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Ephrat - No One's Words CD (album) cover




Heavy Prog

3.63 | 90 ratings

From, the ultimate progressive rock music website

usa prog music
3 stars The album postmarked with the odd moniker refers to an Israeli artist who mixes the sounds of Kino and OSI. From its abstract photography to its ultramodern pop, I was certain Kevin Moore or John Mitchell would be found fiddling under its roof. My first surprise was that they were not accomplices or clerks. The second revelation rendered me speechless and had to do with the temps they've employed. Daniel Gildenlow (Pain of Salvation), Petronella Nettermalm (Paatos), and Steven Wilson (Porcupine Tree) are covertly working these operations on a part-time basis.

While they're sometimes hard to identify, they're contributions are no small matter nonetheless. For instance, Nettermalm does her unusual Björk impression and Trip-rock on "Haze". She's easily the guest who sways the union most in her direction, because the song's trademark recipe suspiciously features her unforgettably saucy staccato. After that, "Blocked" is probably the best of the ancillaries due to its accessible beat. Fans of Dream Theater will want to claim squatter's rights on this track.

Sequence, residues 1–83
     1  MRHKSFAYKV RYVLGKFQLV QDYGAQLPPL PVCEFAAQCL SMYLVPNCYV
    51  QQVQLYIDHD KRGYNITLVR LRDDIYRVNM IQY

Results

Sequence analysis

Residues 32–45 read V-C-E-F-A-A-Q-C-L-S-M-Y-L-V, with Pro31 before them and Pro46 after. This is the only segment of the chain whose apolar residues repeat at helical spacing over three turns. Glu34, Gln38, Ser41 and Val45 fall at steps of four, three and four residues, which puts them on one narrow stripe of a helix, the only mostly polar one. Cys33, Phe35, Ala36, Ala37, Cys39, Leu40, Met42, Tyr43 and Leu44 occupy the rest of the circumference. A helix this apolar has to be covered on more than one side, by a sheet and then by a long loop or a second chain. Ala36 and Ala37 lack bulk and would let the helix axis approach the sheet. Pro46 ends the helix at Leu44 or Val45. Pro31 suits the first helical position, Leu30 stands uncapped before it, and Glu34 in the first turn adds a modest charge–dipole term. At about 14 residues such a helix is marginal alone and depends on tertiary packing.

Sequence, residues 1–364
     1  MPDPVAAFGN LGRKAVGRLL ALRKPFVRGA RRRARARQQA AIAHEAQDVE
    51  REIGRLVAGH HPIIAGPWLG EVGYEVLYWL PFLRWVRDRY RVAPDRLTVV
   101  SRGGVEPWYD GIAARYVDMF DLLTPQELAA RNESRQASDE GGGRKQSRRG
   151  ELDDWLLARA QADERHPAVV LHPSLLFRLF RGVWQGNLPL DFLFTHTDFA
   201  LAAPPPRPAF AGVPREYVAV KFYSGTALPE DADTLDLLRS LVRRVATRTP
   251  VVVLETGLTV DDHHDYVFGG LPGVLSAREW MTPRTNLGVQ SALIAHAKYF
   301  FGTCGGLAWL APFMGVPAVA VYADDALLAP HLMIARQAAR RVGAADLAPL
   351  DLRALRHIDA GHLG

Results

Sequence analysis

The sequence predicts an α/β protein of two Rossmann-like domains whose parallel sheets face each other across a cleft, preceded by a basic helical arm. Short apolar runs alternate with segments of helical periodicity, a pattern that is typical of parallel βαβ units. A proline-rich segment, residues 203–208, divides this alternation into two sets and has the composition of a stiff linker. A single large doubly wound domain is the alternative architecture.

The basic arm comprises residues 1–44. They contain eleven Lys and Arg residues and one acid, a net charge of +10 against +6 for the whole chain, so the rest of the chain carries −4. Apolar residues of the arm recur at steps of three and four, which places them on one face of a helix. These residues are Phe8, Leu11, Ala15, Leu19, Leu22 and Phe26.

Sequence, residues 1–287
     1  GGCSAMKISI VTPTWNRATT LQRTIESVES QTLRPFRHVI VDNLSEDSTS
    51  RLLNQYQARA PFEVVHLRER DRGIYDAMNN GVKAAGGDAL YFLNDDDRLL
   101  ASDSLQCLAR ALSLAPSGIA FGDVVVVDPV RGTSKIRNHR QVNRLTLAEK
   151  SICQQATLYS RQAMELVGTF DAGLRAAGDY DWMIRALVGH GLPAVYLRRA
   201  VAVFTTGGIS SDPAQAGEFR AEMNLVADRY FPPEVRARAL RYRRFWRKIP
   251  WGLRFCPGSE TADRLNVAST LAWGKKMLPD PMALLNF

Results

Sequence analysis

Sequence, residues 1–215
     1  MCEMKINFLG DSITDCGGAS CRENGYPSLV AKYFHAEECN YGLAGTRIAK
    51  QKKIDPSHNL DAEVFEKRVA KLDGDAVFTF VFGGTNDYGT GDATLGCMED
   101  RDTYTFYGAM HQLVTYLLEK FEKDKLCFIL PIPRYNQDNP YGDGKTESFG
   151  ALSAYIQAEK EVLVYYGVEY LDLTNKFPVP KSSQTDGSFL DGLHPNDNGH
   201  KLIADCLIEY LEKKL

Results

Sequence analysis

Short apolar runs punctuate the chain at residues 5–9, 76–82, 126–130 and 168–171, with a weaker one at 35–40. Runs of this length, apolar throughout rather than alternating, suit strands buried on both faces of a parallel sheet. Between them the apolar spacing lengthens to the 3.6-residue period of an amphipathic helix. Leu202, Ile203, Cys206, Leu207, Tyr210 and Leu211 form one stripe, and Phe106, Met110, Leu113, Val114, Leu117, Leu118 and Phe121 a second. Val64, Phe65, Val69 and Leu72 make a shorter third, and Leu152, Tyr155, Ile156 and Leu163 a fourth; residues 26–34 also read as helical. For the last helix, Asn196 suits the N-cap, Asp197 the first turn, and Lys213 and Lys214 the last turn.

Now that I have the list of co-conspirators, Gildenlow is discovered in due course doing his poetic yodeling in "The Sum of Damage Done (Silhouettes I-V)". Don't let the title fool you: The five corners of this franchise are built in nine minutes and thirty-six seconds flat. And if there were a deal to use your coupon on, the last enterprising anthem branded "Real" doubles in length and it's twice as good. As if it were a happy meal, this fun prize is found beneath the fast food. Unlike bloated blurbs that came before, chewy acoustics and sinewy synths give this whopper of a patty its scrumptiousness.

All in all, this enigmatic album is a blend of something borrowed, something new. The stolen goods will demand the highest rate of return whereas its novel perks will only be seen as nice gestures. Sometimes less is more, and it would have been better to release the last song as an EP rather than deep-fry the climactic cut in a batter of trans-fat.

In this cutthroat business, it's hard to tell how well vanilla will sell. Still, some people prefer their soft serve plain without the toppings while others take their music in predictable waves and forgo the twist. Throwing the packaging and fluff contents aside, they have potential and can surely build their venture on what's left.

usa prog music | 3/5 |


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